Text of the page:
Prophecies about Messiah in Psalm 110 Cover Image

Prophecies about Messiah in Psalm 110
Prophecies about Messiah in Psalm 110

Author(s): Petre Semen
Subject(s): Christian Theology and Religion
Published by: Editura Universităţii »Alexandru Ioan Cuza« din Iaşi
Keywords: Psalm; Messiah; King; Enthroning

Summary/Abstract: Many of the Scriptures’ exegetes state that, together with Psalm 2, Psalm 110 has been created and chanted in the honor of king David, or, if not, in the honor of one of his successors. The messianic psalms are so called due to their direct referral to the king’s coronation. As smeared with God (I Sam. 24:7, 11; 26: 9, 11, 16; II Sam. 1:14; II Sam. 19:22; Ps. 18:51; 20:7; 84:10; 89:39, 52; 132:10), the king became a consecrated person and he was considered to be participate in God’s Holiness; therefore the king’s person was inviolable. After David, the throne should have been taken by Adonis but God gave it to Solomon (I Kings 2:15; I Chron. 28:15). Being in a special relation with Yahwe, it was believed that the king had special powers and he was called God’s angel and his wisdom is like a God’s angel (I Sam. 29:9); but he was not considered a God (II Kings 5:7; Ezekiel 28:2, 9). Even though Psalm 110 has some elements in common with other royal psalms (2; 18; 20-21; 45; 72; 132), the former is, as Alonso Schökel states, the psalm of a king written for a king. Some psalms talk about the moment of matrimony (Ps. 45), the gratitude towards Yahwe for a military victory (Ps. 18:21) or the begging of the divine help for the salvation of the king or his military success (Ps. 20). Through the same prophet, the Davidic dynasty was promised eternal life (II Samuel 7:16, 29; 23:5; Ps. 89:3-4, 29-39) and the relation between Yahwe and the king, similar to a father-son relationship will also last forever (II Samuel 7:14; Ps. 2:7).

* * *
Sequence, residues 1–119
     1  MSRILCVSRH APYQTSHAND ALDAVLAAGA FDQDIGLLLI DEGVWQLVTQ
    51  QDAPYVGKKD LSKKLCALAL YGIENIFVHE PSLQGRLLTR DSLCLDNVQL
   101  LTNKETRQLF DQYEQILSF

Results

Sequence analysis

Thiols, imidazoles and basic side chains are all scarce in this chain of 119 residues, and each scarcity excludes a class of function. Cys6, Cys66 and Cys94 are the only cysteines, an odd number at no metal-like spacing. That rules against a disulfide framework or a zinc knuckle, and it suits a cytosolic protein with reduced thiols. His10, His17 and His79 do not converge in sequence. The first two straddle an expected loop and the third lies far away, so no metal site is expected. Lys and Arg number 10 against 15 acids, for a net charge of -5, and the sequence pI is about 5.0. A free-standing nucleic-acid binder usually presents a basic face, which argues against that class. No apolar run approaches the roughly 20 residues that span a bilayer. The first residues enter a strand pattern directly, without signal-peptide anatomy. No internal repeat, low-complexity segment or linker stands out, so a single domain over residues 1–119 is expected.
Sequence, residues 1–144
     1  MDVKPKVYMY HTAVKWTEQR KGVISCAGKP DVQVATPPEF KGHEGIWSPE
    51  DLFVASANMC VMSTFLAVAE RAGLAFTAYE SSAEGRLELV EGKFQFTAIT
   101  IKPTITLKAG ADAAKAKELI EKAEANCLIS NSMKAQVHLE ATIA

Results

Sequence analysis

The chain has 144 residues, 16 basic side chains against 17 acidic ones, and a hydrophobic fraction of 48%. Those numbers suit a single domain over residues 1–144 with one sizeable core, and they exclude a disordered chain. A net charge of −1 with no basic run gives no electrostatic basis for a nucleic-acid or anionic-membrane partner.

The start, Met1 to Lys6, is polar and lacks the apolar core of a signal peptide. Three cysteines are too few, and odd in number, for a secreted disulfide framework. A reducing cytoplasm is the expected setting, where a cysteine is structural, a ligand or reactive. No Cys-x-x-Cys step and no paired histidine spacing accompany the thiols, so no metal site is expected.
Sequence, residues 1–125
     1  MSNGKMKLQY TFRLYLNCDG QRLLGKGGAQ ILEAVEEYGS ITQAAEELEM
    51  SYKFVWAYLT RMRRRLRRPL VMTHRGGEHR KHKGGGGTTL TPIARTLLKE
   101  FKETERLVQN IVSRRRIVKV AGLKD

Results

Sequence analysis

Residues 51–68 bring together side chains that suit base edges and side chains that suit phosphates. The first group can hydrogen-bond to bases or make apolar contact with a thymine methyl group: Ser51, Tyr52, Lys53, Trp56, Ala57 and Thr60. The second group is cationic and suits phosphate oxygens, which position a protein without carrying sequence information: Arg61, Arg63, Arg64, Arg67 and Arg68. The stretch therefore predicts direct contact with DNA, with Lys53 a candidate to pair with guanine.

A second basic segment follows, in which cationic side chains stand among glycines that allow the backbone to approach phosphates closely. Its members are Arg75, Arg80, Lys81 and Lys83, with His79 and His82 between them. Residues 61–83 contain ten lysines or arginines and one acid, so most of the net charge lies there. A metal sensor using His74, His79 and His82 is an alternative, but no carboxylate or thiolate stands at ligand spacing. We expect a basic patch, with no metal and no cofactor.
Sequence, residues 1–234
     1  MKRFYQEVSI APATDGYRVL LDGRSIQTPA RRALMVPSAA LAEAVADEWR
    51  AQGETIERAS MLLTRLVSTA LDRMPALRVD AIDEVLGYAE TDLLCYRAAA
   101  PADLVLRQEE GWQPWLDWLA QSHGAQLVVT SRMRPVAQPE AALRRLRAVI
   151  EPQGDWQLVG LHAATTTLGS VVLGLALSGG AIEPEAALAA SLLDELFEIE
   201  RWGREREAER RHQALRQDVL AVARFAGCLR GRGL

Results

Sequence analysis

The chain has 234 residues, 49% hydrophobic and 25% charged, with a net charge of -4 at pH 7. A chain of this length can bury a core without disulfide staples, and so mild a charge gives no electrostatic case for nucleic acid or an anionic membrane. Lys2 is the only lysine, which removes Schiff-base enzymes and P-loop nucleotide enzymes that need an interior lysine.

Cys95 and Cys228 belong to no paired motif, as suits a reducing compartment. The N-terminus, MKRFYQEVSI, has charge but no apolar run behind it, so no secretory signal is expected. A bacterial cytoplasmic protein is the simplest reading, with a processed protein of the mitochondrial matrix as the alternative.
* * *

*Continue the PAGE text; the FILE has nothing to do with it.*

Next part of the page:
• Issue Year: 2013
  • Issue No: 2
  • Page Range: 7-22
  • Page Count: 16
  • Language: English